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SHADE TREE CUTTING EMPLOYEES, SERVICES DUE TO GOV'T SHUTDOWN

A woman sits in the Healing Garden at the Shade Tree shelter in this undated file photo. The shelter is having to layoff 10 percent of its staff and trim services due to the federal shutdown. FILE PHOTO
A woman sits in the Healing Garden at the Shade Tree shelter in this undated file photo. The shelter is having to layoff 10 percent of its staff and trim services due to the federal shutdown. FILE PHOTO

One of the Las Vegas Valley's critical service providers is scaling back operations because of lost funding from the federal government shutdown.

Shade Tree Women and Children's Shelter has lost $25,000 monthly in funds originating from federal programs, and will cut health and shelter services - along with staff - immediately, the nonprofit reported Friday.

It is the latest but far from the only service provider hit by the federal shutdown, the effects of which have closed private businesses, particularly those associated with the national parks and conservation areas, and impacted federal, state and local government agencies as well as other nonprofit service providers.

Shade Tree is the only 24-hour, full-service shelter in Nevada providing housing, nutritional and medical support to about 350 women and children, many of whom are the victims of domestic violence, daily.

Six staff members will be laid off, and more than 50 remaining staff will have a 10 percent furlough of hours immediately.

Marlene Richter, Shade Tree director, said six staff members will be laid off immediately. As of midnight Saturday morning, 24-hour intake for new clients will be eliminated, unless an individual or family is accompanied by a police officer; Shade Tree will accept new intakes at 8 a.m. and 4 p.m. daily.

Snacks for women and children will be cut in half, and one of four women's health clinics, where ob-gyn, cancer screening and other women's medical services are provided, will be eliminated. Richter said doctors usually see more than a dozen patients during a typical clinic.

Richter said that Shade Tree depends on various grants and funding sources, and is juggling sources to keep some critical missions operating. If only federally funded employees had been laid off, all shelter and kitchen staff would have been eliminated. She said six different funding entities have thus far reduced or eliminated funding for Shade Tree. The multiple and sometimes overlapping funding sources give the program some flexibility, she said.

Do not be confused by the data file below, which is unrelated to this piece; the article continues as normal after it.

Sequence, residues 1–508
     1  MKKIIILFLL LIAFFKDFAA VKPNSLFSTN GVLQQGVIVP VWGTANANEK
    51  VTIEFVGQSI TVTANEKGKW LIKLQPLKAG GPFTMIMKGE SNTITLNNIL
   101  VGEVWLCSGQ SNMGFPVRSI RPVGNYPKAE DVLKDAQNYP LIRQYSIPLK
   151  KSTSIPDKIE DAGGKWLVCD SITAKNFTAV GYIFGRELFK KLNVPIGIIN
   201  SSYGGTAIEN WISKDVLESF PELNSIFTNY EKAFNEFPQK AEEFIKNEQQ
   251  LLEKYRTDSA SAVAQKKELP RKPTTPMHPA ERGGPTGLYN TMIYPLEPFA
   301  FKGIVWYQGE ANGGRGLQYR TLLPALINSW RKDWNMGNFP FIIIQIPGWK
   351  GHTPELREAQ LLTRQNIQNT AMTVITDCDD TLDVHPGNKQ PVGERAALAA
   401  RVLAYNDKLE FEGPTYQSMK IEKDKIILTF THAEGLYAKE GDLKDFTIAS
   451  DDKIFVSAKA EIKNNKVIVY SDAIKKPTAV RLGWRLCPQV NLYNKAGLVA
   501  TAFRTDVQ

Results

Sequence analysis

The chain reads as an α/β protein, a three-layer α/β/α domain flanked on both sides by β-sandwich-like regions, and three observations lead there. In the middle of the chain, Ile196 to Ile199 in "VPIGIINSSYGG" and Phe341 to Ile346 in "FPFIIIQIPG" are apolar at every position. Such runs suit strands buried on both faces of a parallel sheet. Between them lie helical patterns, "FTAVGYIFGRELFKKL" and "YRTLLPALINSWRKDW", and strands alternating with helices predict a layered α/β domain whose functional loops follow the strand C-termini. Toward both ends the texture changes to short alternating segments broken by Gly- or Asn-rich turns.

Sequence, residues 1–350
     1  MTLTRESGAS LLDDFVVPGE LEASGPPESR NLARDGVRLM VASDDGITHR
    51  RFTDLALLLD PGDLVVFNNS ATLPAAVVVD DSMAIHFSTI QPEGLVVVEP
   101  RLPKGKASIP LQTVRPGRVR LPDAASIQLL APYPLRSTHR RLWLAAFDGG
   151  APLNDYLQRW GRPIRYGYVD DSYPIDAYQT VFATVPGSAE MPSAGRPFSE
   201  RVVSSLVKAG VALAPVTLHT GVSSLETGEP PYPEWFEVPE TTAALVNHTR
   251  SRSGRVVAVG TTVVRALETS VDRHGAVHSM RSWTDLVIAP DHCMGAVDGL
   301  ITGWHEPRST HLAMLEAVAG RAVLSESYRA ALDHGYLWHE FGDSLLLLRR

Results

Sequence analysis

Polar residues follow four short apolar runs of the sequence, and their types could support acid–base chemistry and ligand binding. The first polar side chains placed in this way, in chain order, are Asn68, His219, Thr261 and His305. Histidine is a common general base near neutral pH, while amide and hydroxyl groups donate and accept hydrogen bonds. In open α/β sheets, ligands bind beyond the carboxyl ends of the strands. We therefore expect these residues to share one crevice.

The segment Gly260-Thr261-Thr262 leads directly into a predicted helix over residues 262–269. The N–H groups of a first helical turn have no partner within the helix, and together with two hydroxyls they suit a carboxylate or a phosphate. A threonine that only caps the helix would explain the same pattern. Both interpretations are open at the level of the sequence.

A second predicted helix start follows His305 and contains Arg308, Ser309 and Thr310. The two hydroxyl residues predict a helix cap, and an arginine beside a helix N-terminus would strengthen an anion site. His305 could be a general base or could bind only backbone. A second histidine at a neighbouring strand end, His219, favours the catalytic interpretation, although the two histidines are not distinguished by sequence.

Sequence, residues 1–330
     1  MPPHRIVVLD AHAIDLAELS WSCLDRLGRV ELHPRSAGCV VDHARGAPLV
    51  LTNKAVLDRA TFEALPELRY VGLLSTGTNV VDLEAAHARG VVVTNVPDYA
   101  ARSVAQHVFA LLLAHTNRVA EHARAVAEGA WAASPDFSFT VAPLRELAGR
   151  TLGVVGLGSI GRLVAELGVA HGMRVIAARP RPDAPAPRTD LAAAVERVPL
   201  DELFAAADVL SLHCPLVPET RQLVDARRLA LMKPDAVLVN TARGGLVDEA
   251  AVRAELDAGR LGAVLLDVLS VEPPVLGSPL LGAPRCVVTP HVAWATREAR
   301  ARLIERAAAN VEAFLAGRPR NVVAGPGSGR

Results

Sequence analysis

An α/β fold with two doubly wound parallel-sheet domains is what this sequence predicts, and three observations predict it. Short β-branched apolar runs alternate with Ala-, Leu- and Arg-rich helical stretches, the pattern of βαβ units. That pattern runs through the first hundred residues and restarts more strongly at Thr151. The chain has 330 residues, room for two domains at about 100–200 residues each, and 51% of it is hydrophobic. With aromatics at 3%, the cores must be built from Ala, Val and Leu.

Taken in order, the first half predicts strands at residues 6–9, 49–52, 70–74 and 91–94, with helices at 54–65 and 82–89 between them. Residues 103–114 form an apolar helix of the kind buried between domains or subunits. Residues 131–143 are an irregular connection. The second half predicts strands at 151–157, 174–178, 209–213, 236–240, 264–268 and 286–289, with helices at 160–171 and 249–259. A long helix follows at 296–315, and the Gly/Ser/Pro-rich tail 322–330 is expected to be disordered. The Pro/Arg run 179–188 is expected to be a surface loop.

Shade Tree and other service providers already have struggled with the long, difficult economic downturn. Richter said that between 2011 and 2012, Shade Tree saw a 50 percent increase in the number of clients coming through the shelter, from 4,000 to 6,000 women and children. 

Richter said service impacts from the federal shutdown, which started with a congressional impasse Oct. 1, will only worsen as long as it continues.

"Of course the next thing - this is not just happening at the Shade Tree, but it is and will be happening to the community that we serve," she said. Families could face loss of hours at work, loss of child care, lost nutritional or medical benefits as the shutdown continues, and those families may turn to Shade Tree as a lifeline.

This week, Gov. Brian Sandoval warned that unemployment compensation, food stamps and nutritional support for women, infants and children could end for nearly a half-million Nevada residents if the shutdown continues through the end of October.
Shade Tree runs a three-story, 38,000-square-foot shelter at Owens Avenue and Main Street in North Las Vegas that provides 100 percent free services for women and children.